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Miscues, Turnovers Hamper Vikings Offense in Loss to Lions

MINNEAPOLIS, Minn. — The Vikings offense racked up more total yards, averaged more yards per play and had a better conversion rate on third down than the Lions on Sunday afternoon.

But there was one category Minnesota lagged behind in, and it proved costly in a 14-7 loss to Detroit in Week 4 at U.S. Bank Stadium.

The Vikings offense turned the ball over three times as Minnesota fell to 2-2 on the season. The Lions, meanwhile, had no turnovers.

"We played hard today, but we didn't play as good as we needed to," said Vikings Head Coach Mike Zimmer. "We turned the ball over too many times, and really that was the difference in the ball game.

"I felt like we had to win the turnover battle today going into the football game, and we didn't do that," Zimmer added.

Added tight end Kyle Rudolph: "In our two losses this year, we feel like we've really beat ourselves. We have to stop doing that. In this league, and Coach Zim' says it all the time, if you just don't beat yourself, then you're going to win half your games."

Perhaps the biggest change in momentum came early in the second half as the Vikings coughed up the ball on back-to-back offensive plays.

Running backs Jerick McKinnon and Dalvin Cook botched an exchange in the Wildcat formation, leading to a Detroit field goal. It was McKinnon's first career fumble in 442 rushing attempts, which had ranked as the second-longest streak in franchise history.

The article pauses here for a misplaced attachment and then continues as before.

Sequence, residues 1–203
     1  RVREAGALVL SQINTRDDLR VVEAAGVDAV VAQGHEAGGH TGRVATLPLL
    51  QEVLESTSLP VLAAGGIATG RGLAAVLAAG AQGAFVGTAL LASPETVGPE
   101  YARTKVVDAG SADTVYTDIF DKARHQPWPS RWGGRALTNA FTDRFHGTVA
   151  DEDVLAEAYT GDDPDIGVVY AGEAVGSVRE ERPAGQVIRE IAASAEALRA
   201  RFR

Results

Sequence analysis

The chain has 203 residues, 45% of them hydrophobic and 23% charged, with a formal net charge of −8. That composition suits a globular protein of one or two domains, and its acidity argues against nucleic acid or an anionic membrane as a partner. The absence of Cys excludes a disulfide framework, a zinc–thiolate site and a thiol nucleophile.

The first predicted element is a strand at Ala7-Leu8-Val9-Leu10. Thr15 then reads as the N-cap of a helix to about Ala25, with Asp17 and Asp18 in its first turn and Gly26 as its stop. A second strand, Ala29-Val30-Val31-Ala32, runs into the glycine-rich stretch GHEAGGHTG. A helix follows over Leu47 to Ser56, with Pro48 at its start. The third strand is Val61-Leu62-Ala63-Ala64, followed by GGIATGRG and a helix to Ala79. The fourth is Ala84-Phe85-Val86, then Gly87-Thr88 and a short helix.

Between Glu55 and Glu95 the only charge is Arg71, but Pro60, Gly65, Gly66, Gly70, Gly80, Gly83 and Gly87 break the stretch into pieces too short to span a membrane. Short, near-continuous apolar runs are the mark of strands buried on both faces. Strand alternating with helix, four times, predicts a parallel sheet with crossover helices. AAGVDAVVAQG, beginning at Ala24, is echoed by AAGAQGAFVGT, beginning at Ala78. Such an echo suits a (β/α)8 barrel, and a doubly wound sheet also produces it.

Cook then fumbled after injuring his knee on Minnesota's next offensive play, a turnover that led to a Lions touchdown.

The Vikings lead 7-3 at the half, but a pair of turnovers led to 11 Lions points in just seven minutes. Minnesota was unable to tie or take the lead the rest of the game.

"We're going to feel it, we're going to think about it," Vikings wide receiver Stefon Diggs said of the loss. "But tomorrow is a new day, and we're going to watch the tape and determine why we didn't win.

"We had too many turnovers, but stuff is going to happen, adversity is going to hit, and it's all about how you bounce back," Diggs added. "I love how we fought. We did what we could, but we came up short."

There were other moments of frustration for the Vikings as they dropped their third consecutive game against the Lions.

The Vikings trailed 14-7 late in the fourth quarter but kicker Kai Forbath's 39-yard field goal hit the right upright. The miss was Forbath's first in 22 field goal attempts since joining the Vikings last November.

Minnesota also had a chance to tie the game in the final minutes of the fourth quarter.

The Vikings faced first-and-goal at the 8-yard line and moved it to the 3-yard line after a pair of runs. But quarterback Case Keenum was sacked on third down before his fourth-down pass into the end zone fell incomplete.

"That is totally on me," Keenum said. "I thought I saw something and got fooled and changed the protection to the wrong protection.

"That's a huge play in the game, obviously, and that's one I want back," Keenum added.

Minnesota got the ball back with just under two minutes left but Vikings wide receiver Adam Thielen fumbled after an 11-yard catch. Detroit ran out the clock to end a frustrating day for the Vikings offense.

The Vikings will be on the road for an Oct. 9 meeting with the Bears on Monday Night Football before returning home the following week to host the Packers.

"This team is never going to give up," Rudolph said. "The fight that we have in this locker room is incredible. We've still got two division games in a row coming up. If we make it through this stretch 2-1, I think everybody would take that.

"The good thing is that we've got a lot of football left in front of us," Rudolph later added. "That last time we were in the playoffs, we were 2-2 going into Week 5 as well."

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